While I don't have a problem per se with this consequence it would require quite some thoughtwork to build nid-independant ways. Or does Deploy also support hooks to search and replace / re-filter? Hm..

Yes, this is a good point. Text field hardlinking will definitely break. Pathauto settings using [nid] will probably break, I haven't tested it but that makes sense. As far as modules and filters that allow you to link to nodes, these may or may not work. For instance, Deploy's nodereference handling currently manages this behind the scene. If you nodereference node 1 to node 2 and deploy them both, they will remain nodereferenced even if they become node 5 and node 6. It is likely that such custom solutions will need to be written for any module like this, but its pretty easy. nodereference_deploy.module is only 123 lines of code, of which half are comments.

Once I implemented the pluggable extensions from Chaos Tools then writing deploy plugins will be pretty simple, and I hope to be submitting patches to lots of major modules in the coming months.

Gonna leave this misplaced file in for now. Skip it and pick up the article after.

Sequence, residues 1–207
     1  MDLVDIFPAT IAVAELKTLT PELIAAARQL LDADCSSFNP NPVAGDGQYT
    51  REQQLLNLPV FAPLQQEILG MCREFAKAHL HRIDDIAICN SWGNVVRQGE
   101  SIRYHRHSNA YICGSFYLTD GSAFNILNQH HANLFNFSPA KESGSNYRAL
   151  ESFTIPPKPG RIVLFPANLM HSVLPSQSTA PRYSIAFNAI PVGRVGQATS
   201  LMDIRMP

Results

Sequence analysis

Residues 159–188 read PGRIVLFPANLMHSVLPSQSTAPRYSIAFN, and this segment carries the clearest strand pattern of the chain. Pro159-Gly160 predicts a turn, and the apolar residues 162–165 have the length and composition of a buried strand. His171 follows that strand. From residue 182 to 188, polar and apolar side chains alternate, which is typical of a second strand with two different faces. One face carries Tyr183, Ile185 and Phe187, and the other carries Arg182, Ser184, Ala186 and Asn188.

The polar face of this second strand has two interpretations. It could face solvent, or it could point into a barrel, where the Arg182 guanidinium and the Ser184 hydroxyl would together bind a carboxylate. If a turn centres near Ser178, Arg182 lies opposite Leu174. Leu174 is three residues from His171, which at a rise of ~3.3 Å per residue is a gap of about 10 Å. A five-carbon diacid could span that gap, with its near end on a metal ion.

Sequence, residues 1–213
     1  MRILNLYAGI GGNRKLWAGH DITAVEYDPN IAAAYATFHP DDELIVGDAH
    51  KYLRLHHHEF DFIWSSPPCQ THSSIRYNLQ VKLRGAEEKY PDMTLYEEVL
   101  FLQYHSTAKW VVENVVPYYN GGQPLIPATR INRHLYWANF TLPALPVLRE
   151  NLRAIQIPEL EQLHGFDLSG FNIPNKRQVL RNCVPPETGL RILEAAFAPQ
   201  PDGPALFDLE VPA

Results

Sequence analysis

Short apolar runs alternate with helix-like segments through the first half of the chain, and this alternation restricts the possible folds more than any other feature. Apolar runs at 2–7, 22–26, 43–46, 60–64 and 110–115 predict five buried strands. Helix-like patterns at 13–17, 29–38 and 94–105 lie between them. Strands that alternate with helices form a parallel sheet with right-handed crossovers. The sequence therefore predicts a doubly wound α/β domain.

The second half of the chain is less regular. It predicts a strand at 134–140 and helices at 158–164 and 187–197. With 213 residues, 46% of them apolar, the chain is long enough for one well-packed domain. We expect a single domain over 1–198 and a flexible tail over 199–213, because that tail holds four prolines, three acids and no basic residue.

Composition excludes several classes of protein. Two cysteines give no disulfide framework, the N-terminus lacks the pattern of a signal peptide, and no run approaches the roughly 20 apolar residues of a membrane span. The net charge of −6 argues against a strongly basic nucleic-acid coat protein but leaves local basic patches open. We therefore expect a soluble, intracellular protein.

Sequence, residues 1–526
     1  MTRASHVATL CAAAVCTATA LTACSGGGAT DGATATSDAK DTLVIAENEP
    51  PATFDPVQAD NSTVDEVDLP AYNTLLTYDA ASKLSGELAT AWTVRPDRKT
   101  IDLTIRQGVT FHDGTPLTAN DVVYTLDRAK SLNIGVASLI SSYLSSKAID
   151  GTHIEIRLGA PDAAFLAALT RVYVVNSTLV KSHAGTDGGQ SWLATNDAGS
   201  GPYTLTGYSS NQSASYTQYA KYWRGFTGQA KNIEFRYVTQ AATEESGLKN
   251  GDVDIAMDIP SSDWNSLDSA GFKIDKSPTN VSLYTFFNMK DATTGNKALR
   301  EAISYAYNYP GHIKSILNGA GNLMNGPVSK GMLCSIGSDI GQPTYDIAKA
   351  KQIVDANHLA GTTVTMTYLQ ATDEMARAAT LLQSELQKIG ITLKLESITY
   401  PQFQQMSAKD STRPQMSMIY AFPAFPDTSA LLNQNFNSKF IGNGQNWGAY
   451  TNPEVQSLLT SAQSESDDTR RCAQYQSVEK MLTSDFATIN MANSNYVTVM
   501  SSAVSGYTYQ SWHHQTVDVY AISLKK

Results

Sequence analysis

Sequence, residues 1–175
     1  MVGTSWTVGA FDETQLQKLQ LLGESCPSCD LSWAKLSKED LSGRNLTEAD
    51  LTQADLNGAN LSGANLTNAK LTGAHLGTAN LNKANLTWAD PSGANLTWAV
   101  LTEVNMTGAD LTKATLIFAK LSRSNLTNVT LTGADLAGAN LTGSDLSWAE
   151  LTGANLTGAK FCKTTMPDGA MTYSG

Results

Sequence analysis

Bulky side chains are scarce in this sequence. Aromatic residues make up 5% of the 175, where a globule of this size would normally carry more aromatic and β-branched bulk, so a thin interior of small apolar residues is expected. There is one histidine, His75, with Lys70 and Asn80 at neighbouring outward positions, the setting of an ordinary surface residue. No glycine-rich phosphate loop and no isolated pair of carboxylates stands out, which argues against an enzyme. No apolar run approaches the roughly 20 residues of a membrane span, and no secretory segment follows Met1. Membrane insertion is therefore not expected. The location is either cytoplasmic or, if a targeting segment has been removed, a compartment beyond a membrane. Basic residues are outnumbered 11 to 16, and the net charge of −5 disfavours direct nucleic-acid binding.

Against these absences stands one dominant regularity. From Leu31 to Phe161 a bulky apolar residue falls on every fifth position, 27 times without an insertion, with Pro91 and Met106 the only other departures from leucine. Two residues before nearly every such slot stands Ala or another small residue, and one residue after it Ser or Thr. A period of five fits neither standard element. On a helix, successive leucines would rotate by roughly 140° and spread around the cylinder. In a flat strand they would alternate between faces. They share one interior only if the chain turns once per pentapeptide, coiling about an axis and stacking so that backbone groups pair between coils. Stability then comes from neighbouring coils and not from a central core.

Chaos Tools are certainly suited to write plugins, but is there any chance of not focusing on "deploy" plugins but on "generic" field plugins instead? It's devastating to see how each and every import/export/deployment solution reinvents CCK field support over and over again.

I started a plugin-based, generic approach with Field Tool (which is also using the Chaos Tools to do the plugin stuff), maybe you could have a look at that and try to pimp it up instead of creating yet another module-specific field plugin system. Or if you don't like it, come up with your own reusable plugin system by yourself - just please, don't constrain yourself to "deploy" plugins.

Greg, way to go!!!

I've been using Drupal at the last 2 years, mostly for big organizations websites / applications. The deployment process was / is hell. It is so cumbersome and time wasting.
I think that your initiative is the single most needed function that was *badly* missing for Drupal. Obviously it is merely a start but now that you've set up the foundations I am sure that the required implementors and services will grow quite fast.

Well well done!
Udi.